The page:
ACQUIRING MINDS WANT TO KNOW
AREA MUSEUMS KEEP IT FRESH WITH RECENT ACQUISITIONS.
A museum is a living organism, one that’s constantly evolving, growing, highlighting various aspects of its holdings,
and occasionally making a home for new acquisitions. Patron takes a look at six of DFW’s premier institutions and
focuses on one of each of their acquisitions from the past 12 months—it’s been a very good year.
A RIVER RUNS THROUGH IT
In 1985, Fort Worth’s Amon Carter Museum of American Art
premiered its commissioned series, In the American West: Photographs
by Richard Avedon. It took nearly three decades for the museum’s next
commission: last year’s Meet Me at the Trinity: Photographs by Terry Evans;
the resulting exhibition closed in late January. Time will tell if the
Trinity images will prove iconic, but the 40+ photographs are now part
of the Carter’s permanent collection, and a welcome addition. The
Evans commission was linked to the museum’s concurrent Navigating
the West: George Caleb Bingham and the River exhibition, as Director
Andrew Walker explains: “There was this great historic connection.
Here we were telling a story about a river in the 19th century, and
there was this completely different yet relational visual experience
which was looking at our own Trinity. We loved that.” Chicagoan
Terry Evans’s images are a beautifully humanistic contemporary
response to the Bingham paintings. cartermuseum.org
PUSHING THE BOUNDARIES
Manchester-born sculptor Garth Evans has been stateside since
1979, but his geometric, expressionistic abstractions, often utilizing
lo-fi materials, have assured his place in the British sculpture world,
and beyond. Frames (Echoes) Group 8, (1971–74) is a painted plywood
enigma that’s just been acquired by the Nasher Sculpture Center, a
gift of Jacqueline and Peter B. Stewart. “Evans did 28 frames over a
three-year period, and he conceived of them primarily in groups,”
explains Nasher Chief Curator Jed Morse. “They came out of an
interest in seeing what he could do with plywood, really pushing the
boundaries of the material’s flexibility.” The Frames series is important
in Evans’ development, as it led to large-scale experimentations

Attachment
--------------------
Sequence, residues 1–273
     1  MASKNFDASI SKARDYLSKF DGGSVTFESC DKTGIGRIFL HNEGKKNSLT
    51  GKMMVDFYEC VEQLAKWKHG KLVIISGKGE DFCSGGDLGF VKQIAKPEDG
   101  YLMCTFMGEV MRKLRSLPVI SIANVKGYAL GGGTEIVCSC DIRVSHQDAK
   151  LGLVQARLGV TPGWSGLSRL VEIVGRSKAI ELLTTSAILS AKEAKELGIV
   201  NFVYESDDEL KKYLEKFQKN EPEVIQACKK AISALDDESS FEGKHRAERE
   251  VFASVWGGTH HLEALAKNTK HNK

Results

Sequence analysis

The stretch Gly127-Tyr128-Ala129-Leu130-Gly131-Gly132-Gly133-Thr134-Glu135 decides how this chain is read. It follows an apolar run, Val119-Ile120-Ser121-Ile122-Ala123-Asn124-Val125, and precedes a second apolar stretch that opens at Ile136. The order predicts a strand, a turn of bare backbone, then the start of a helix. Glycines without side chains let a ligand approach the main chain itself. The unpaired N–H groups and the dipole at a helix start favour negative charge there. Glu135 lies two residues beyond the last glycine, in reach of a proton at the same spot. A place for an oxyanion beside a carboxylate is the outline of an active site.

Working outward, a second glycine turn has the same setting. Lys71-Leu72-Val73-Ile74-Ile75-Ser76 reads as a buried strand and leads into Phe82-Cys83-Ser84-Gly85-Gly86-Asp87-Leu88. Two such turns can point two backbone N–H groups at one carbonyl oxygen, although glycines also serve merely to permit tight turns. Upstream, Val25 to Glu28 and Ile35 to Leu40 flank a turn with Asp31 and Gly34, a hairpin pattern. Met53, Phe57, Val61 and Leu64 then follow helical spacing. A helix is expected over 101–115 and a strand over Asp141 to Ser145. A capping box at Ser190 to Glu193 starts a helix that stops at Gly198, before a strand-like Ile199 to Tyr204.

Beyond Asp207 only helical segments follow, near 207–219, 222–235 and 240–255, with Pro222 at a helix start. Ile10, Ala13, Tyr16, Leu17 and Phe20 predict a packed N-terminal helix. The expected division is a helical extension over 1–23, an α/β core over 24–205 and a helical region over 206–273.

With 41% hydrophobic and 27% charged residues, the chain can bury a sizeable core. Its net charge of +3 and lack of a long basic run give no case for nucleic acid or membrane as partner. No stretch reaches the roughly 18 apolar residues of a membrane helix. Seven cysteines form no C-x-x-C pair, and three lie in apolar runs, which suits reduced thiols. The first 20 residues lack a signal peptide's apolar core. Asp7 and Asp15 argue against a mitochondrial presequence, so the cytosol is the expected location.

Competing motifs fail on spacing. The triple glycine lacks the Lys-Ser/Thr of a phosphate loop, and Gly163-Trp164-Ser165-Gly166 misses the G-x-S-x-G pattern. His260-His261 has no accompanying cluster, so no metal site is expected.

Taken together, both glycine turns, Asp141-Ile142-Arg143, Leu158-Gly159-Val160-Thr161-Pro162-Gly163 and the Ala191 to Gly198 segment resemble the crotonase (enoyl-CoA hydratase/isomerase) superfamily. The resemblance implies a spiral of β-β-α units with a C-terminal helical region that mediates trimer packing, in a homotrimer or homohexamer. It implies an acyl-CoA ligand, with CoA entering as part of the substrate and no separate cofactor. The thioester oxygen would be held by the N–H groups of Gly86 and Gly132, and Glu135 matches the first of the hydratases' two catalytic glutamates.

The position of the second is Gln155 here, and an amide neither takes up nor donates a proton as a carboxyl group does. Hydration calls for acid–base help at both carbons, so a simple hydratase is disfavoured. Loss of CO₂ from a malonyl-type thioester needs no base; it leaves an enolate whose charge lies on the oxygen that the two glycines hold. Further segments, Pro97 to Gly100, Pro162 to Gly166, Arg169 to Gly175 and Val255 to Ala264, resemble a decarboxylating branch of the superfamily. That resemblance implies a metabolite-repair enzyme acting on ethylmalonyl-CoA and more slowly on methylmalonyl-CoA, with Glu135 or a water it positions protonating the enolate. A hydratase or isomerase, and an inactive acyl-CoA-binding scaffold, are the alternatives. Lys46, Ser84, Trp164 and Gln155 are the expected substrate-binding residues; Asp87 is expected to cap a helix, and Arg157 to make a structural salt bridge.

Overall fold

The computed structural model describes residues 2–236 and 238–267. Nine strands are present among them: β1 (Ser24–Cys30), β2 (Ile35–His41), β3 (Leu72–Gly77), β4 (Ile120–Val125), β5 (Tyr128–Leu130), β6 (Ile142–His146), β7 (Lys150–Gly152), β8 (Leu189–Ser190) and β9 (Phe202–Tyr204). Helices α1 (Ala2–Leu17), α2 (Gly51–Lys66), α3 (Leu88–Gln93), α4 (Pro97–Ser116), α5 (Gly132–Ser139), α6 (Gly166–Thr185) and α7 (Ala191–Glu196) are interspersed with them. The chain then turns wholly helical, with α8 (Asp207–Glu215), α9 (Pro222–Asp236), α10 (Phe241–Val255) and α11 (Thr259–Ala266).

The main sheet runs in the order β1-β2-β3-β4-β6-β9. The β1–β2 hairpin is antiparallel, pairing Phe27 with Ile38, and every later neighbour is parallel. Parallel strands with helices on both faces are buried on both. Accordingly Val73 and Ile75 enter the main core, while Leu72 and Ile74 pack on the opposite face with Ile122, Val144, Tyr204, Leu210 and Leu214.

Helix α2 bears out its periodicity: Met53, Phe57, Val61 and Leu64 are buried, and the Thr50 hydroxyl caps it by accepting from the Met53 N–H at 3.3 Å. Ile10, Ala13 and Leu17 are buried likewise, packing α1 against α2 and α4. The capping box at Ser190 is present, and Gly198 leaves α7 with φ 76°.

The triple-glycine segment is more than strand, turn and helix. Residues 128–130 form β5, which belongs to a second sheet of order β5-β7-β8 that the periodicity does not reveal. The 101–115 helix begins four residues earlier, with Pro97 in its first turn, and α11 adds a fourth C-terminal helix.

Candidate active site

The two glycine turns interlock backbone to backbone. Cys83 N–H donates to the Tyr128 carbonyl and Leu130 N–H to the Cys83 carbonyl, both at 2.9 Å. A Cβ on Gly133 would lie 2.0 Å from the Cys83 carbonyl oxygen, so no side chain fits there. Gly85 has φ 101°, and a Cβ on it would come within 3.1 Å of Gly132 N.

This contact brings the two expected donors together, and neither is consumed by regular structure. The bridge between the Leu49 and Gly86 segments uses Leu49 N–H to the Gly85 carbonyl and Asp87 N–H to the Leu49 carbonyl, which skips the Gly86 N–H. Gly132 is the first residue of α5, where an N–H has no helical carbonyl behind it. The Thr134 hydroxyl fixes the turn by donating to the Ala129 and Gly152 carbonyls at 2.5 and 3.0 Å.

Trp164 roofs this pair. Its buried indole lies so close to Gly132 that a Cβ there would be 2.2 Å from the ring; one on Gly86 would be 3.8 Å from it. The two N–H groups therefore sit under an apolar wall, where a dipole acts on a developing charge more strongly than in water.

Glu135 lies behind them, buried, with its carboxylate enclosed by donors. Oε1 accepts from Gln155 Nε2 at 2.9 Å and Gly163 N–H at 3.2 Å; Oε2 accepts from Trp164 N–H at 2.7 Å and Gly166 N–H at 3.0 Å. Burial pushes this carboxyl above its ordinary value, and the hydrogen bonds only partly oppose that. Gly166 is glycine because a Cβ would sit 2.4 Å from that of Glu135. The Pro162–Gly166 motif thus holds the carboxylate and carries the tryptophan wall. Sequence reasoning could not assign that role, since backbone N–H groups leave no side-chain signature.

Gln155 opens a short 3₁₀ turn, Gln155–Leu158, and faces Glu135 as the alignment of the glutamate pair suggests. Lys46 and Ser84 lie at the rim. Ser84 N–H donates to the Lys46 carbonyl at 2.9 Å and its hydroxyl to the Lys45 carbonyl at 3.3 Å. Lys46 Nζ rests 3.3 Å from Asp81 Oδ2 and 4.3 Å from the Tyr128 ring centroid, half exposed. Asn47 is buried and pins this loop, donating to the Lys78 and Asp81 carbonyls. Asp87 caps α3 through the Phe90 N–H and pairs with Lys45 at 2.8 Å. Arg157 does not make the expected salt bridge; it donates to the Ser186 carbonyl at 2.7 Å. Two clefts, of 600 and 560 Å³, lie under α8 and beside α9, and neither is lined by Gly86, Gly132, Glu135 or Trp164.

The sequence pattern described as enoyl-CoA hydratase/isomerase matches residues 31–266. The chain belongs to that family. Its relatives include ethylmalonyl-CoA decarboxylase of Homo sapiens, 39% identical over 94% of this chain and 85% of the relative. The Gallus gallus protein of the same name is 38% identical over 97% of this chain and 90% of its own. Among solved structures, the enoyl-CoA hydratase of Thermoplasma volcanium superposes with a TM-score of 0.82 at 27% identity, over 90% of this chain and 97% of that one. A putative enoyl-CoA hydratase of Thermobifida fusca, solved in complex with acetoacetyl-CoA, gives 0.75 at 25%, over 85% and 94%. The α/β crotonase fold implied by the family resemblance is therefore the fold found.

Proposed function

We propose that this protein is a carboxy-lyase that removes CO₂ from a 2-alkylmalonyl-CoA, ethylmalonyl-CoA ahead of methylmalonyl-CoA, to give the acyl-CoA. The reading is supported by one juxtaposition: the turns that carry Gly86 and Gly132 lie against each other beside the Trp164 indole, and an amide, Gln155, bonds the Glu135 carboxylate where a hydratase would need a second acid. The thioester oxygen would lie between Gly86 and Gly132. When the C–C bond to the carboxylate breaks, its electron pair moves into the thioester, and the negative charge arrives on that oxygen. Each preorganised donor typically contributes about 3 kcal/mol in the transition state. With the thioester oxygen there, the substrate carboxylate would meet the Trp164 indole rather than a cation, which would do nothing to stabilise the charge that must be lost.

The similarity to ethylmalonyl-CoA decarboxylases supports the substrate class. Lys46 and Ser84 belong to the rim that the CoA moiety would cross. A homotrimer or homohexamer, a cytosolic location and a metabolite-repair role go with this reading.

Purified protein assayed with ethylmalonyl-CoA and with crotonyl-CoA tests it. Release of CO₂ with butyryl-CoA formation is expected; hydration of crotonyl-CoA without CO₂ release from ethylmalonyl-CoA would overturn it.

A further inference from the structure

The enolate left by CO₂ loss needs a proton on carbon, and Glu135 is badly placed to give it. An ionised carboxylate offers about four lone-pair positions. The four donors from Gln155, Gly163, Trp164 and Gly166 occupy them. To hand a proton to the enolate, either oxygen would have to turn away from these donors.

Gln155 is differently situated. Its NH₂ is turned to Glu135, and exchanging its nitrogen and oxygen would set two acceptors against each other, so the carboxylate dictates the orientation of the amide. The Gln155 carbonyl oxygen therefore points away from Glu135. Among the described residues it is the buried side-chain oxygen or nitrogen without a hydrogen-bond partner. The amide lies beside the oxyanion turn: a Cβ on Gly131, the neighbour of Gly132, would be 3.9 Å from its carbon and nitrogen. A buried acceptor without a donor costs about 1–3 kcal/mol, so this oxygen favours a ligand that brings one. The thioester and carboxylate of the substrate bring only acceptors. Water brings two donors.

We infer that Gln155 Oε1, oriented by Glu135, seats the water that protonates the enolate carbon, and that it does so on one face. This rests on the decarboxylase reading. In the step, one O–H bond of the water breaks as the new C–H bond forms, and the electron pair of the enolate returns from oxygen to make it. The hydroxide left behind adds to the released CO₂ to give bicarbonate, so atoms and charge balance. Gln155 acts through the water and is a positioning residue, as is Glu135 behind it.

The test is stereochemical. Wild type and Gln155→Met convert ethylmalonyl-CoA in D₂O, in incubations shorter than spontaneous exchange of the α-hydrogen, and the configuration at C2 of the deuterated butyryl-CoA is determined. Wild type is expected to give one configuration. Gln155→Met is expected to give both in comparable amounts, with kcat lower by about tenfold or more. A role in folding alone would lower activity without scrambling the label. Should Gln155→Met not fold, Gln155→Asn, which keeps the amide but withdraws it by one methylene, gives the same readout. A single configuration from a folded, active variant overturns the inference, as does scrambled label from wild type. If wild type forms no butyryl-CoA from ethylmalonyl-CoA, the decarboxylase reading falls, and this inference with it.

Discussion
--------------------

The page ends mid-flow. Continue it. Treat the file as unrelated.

in plywood and steel tubing. “Essentially he’s always looking for
something unexpected, something surprising,” Morse continues.
“In this process of exploration he doesn’t necessarily know what
he’s looking for when he starts, but he knows it when he gets there.”
MAGICAL MOMENT IN MARFA
The Modern Art Museum of Fort Worth recently acquired
over 40 photographs and used that fresh infusion of artistic
wealth to sow the seeds for its current exhibition, Framing
Desire: Photography and Video; the newbies in the show take their
place alongside 70+ photos and videos from the permanent
collection. The museum acquired three works by acclaimed
Dallas photographer Allison V. Smith, Parked, May 2011. Marfa,
Texas, 2012 presents a mesmerizing mystery—how did the
1970 Impala get into the garage, and how did the driver get
out? The color-saturated image is standalone wondrous, but it
also coaxes narrative engagement from viewers. “Allison was
infatuated with the authenticity of Marfa, the part that’s outside
of the art world,” notes Andrea Karnes, the Modern’s curator.
“If you’ve been there you know there’s a magic of Marfa, and
she felt like this image captured one of those moments.” The
show runs through August 23. themodern.org
Upper left: Allison V. Smith, Parked, May 2011. Marfa, Texas, 2012, chromogenic color photograph, image: 46 x 46 in., sheet: 50 x 50 in., framed: 51 x 51 x 2 in.
Collection of the Modern Art Museum of Fort Worth, Museum purchase, The Friends of Art Endowment Fund. Middle right: Terry Evans, Inner Tubes, 2013, archival inkjet
print © Terry Evans. Bottom left: Garth Evans, British, born 1934, Frames (Echoes) Group 8, 1971–74, painted plywood, 25 x 30 in., 25 x 30 in., 27 x 30 in., 27 x 45 in.
Nasher Sculpture Center, Gift of Jacqueline and Peter B. Stewart